Wednesday, October 23, 2013

Milennials are more selfish about work travel... so?



I'm not going to waste your time on my defense of my generation - these pieces says it all. And also, I think inter-generational bickering is the stuff of sitcoms, and is just too petty for real life. I like my parents, and their parents, and my friends' kids. So there.

So when I came across this survey the other day, I just chuckled. The results of Expedia's market demographic research into business travelers, it found that millennial professionals (versus their older counterparts) are "freer with their company’s money," "more likely to voice their displeasure," and "feel that they should be personally entitled to travel reward points."

Initially, I read these as insults (which may say something about the way in which millennials are usually discussed, that my hackles went up so quickly). But upon reflection, I actually thoroughly support the idea that business travelers should feel comfortable having their company financially support their travel, as well as give them personal rewards points for travel. Honestly, even among those in my peer group who are employed (which is definitely a specific subsection these days), there isn't much feeling of corporate loyalty. Anecdotally, I feel comfortable saying that most of us fear for our jobs, so it doesn't surprise me if there is a feeling of "well, let's get what we can while we're here."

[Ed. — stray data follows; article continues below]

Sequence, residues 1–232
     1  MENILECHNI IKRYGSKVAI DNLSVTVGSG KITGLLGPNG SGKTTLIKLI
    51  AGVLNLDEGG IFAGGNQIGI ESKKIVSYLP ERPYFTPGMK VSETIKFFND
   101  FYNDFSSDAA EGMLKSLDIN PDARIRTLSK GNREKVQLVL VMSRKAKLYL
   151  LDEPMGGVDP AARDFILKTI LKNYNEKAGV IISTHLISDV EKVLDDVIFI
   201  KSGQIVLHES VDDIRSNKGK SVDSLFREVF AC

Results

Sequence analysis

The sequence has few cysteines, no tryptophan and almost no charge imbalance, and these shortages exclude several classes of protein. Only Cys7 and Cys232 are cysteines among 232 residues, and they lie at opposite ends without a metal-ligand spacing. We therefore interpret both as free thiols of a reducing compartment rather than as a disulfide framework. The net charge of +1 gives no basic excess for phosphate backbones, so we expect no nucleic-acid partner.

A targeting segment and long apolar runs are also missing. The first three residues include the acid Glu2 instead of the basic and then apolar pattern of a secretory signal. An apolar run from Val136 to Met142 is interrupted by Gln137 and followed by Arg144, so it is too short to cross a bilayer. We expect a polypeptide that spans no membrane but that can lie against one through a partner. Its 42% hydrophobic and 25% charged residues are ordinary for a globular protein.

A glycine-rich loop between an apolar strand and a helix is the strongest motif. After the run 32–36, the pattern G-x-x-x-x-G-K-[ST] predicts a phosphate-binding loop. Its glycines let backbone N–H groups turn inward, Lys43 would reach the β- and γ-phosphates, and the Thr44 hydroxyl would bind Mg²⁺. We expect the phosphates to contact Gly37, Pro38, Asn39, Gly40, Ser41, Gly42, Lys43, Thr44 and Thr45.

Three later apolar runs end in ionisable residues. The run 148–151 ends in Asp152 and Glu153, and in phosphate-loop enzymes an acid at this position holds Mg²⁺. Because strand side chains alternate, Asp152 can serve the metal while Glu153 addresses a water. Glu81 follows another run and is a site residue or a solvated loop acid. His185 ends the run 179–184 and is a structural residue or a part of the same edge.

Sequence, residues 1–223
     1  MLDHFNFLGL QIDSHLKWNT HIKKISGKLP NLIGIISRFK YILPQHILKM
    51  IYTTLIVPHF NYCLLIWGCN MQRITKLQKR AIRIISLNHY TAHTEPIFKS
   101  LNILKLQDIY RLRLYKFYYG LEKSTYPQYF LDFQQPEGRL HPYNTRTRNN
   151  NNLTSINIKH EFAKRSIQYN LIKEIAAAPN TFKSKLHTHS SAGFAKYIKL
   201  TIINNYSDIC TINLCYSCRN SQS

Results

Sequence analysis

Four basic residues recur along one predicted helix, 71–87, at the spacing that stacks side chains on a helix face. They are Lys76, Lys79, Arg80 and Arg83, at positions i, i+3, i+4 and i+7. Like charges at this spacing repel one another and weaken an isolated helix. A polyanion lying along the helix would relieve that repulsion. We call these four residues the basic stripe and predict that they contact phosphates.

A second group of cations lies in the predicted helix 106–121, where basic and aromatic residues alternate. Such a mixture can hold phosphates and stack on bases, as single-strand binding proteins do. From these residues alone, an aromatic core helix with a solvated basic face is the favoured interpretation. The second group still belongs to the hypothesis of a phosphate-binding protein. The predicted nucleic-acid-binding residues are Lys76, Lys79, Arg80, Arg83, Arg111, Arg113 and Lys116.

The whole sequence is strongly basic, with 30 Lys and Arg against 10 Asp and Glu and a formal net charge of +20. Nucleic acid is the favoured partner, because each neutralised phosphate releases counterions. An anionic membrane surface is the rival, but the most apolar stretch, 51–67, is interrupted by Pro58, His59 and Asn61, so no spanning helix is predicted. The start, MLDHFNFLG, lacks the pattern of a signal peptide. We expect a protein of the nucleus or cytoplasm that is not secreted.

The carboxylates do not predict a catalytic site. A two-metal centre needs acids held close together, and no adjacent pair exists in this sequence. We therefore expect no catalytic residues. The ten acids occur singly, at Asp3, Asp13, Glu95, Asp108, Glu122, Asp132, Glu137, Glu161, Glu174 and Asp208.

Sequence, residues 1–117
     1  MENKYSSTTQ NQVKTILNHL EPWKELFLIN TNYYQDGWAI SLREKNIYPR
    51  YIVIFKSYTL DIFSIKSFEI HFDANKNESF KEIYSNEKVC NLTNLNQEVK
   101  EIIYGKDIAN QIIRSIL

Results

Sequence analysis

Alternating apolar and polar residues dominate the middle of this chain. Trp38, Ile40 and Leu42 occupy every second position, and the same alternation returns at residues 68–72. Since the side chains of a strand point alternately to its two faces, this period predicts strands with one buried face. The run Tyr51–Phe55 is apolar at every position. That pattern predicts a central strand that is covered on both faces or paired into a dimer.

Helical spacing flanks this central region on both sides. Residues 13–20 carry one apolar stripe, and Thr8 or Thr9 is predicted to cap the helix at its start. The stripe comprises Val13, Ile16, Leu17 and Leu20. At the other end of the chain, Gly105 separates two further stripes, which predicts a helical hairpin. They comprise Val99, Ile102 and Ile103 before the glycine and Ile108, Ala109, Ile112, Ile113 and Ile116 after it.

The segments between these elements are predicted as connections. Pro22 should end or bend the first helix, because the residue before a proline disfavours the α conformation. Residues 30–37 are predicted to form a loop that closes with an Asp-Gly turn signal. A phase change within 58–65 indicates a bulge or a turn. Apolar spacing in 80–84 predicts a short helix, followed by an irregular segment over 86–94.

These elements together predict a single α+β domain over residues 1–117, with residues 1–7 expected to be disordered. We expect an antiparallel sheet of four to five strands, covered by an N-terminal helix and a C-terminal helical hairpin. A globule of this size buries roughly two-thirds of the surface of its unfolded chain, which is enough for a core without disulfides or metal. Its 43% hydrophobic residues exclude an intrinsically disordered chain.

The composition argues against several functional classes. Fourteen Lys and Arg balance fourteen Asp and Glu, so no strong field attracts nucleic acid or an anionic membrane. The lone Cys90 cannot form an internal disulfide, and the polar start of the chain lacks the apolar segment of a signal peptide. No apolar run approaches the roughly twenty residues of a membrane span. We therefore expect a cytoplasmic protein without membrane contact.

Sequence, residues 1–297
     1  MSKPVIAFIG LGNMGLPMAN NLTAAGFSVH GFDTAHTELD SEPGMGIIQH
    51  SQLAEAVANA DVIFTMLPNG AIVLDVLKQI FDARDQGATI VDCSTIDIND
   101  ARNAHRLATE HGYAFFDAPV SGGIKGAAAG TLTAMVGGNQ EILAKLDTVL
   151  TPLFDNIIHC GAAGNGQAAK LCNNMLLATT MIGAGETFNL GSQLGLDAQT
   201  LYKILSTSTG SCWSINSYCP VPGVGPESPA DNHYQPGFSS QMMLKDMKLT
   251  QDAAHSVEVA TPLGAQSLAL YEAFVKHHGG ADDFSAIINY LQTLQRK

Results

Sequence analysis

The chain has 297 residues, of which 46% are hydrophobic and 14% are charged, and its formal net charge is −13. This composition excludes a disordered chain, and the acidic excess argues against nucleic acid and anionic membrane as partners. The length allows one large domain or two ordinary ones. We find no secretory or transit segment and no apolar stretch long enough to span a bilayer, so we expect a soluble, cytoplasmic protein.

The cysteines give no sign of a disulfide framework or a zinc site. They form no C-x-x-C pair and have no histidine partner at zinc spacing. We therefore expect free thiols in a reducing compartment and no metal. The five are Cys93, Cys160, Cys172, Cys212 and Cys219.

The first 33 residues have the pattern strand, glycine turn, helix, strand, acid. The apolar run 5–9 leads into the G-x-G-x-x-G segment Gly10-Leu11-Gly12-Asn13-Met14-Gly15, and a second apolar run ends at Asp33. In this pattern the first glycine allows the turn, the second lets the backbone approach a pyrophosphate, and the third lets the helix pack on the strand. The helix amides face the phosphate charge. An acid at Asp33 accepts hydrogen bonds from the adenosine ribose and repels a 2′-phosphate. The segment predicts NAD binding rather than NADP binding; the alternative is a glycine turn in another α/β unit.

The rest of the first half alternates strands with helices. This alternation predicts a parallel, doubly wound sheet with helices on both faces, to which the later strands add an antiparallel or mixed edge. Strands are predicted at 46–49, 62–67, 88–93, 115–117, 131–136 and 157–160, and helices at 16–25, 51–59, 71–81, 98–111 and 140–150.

And I don't think that's particularly unethical, or even selfish. Traveling for work is exhausting, and often leads to working more hours than usual (the survey says that across all ages, between 24-45% of people say they work fewer hours, leaving the other 55-76% working the same or more hours). And compensation hasn't remotely kept pace with productivity, so in-kind compensation makes total sense. When a company makes an explicit request for increased productivity, and the worker is unable to make an explicit request for increased compensation, the worker may implicitly take that "raise" in increased benefits while performing the increased workload.

Logic, to me.

Given that this was a global survey, I'm hesitant to read too much into it, since generational culture is a very malleable thing across borders. But I'm very interested in what you think, dear readers.

How has the culture of work travel changed? Submit your thoughts in a comment below, or find me on Twitter!

(image via, under Creative Commons attribution license)

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